I listened to I Must Say in the audiobook format, which I highly recommend! Martin Short narrates I Must Say himself. I will go into why I say to listen to it versus reading the memoir later in this review.
I Must Say is Martin Short’s memoir and he has definitely had a life so far! He was born March 26th, 1950 in Canada (Happy Birthday today Martin Short!). From the beginning of his life you can see that he was always meant to be in the entertainment industry. He would tape record family arguments/ conversations as well as recording himself. Despite most people believing he is Jewish, Short is actually Catholic, but was surrounded by Jewish friends and neighbors.
Martin suffered a lot of loss in his early life: He lost his older brother to a car accident when he was just twelve and by the time he was twenty he had lost both parents. These losses greatly affected him. He became friends with Eugene Levy, who was responsible for Martin getting into Hollywood. Martin gave himself one year to try out show business. We all know how that turned out!
Martin goes through this career from early days to current as of him writing this memoir. He goes into abundant details. He becomes friends with many Hollywood A-List celebrities and he mentions them all. At times the constant mentioning did feel like name dropping, but If I knew Tom Hanks, Rita Wilson, Kurt Russell, and more I would also mention those names! He talks about his relationship with Gilda Radnor whom he dated for a few years before he dated his wife Nancy Dolman. You get a feel of what the Hollywood lifestyle is like as Martin describes with language the sex, drugs, and even rock-and-roll (Yes, he met George Harrison once).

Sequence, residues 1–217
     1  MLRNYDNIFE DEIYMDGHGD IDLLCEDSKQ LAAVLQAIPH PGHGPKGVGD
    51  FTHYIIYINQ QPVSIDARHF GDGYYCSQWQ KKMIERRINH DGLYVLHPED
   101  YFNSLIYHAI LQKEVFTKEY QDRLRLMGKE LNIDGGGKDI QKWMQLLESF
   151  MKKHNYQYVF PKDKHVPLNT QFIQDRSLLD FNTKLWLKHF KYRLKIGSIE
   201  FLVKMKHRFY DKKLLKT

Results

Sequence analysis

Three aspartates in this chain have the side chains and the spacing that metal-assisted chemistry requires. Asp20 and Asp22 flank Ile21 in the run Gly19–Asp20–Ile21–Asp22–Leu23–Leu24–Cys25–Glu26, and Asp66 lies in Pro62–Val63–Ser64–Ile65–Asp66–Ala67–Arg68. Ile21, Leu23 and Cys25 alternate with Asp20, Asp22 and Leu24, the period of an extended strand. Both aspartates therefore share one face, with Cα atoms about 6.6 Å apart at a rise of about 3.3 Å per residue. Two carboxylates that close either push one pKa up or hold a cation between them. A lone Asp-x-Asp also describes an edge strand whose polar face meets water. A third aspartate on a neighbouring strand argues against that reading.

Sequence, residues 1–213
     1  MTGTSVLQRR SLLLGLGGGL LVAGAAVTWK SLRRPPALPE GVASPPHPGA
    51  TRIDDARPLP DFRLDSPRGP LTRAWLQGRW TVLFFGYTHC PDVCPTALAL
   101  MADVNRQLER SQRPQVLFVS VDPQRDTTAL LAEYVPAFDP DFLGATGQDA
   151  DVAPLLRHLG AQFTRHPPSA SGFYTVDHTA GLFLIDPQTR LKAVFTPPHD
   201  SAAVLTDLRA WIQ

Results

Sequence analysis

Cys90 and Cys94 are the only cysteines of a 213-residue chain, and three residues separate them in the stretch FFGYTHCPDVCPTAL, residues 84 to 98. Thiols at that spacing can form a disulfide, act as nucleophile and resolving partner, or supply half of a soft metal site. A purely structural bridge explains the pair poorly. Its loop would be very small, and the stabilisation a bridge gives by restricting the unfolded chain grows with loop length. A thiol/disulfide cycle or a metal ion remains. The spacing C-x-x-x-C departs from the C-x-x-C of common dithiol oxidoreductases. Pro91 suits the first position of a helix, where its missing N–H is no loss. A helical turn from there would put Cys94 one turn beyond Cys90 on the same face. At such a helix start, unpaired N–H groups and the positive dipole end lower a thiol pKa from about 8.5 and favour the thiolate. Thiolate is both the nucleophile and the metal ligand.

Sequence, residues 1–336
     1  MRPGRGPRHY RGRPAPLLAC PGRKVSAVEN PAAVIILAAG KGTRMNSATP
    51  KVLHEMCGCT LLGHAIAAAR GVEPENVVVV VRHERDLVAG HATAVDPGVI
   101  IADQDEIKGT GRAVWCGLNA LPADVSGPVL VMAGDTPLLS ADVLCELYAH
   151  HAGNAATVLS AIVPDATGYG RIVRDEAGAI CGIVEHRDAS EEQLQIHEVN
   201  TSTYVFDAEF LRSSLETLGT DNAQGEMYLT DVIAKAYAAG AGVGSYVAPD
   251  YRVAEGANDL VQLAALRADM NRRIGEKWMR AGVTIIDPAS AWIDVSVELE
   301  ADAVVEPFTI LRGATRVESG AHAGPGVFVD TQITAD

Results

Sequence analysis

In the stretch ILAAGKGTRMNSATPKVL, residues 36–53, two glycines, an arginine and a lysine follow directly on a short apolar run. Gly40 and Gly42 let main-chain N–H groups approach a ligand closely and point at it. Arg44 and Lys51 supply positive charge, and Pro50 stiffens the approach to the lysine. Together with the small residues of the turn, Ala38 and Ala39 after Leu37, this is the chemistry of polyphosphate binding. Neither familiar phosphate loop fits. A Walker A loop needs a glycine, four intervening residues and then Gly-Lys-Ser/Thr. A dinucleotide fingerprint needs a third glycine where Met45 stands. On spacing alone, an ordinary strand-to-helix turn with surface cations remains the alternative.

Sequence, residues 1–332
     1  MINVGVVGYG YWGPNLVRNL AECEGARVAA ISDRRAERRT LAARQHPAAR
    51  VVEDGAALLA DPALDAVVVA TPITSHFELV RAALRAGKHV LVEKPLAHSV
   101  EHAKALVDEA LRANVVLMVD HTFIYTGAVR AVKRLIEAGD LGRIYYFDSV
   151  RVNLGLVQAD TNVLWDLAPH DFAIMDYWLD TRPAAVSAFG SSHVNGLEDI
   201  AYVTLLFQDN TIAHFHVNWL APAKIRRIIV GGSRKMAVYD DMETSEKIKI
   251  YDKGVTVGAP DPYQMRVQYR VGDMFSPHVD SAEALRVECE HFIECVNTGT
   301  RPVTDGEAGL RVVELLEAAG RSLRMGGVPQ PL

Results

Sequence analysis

Martin married Nancy on December 22, 1980 and they were married for almost 30 years until her death on August 21, 2010. You get the sense of how much he loved Nancy and still does today. Towards the end of the book when Martin is describing Nancy’s battle with cancer you can hear in his voice the emotion he still feels of this time in his life. It is very touching and you can’t help but tear up listening to it. You can tell how much he still loves his wife today.
There are many reasons I recommend the audio version of this book. Again, Short himself narrates his memoir. Who better to read your memoir than yourself? His characters he is most famous for also make appearances in the audiobook. Hearing those characters’ voices makes the listener laugh as it is very enjoyable. Short does some singing as well and there is a piano accompaniment. He also does impersonations of his friends very well.
I grew up knowing him best from Innerspace and also Father of the Bride, so I really enjoyed the memoir when he was talking about those movies. I learned a lot about Martin that I did not know. For me, in some instances in the book he is giving too much detail into his life and some parts were a bit TMI (To Much Information). Some parts of the audiobook tended to drag on and I found myself tuning out at times.
Despite a few issues I had with the memoir, I highly recommend the audio version of I Must Say. It is worth listening to for hearing his characters and impressions alone![Top]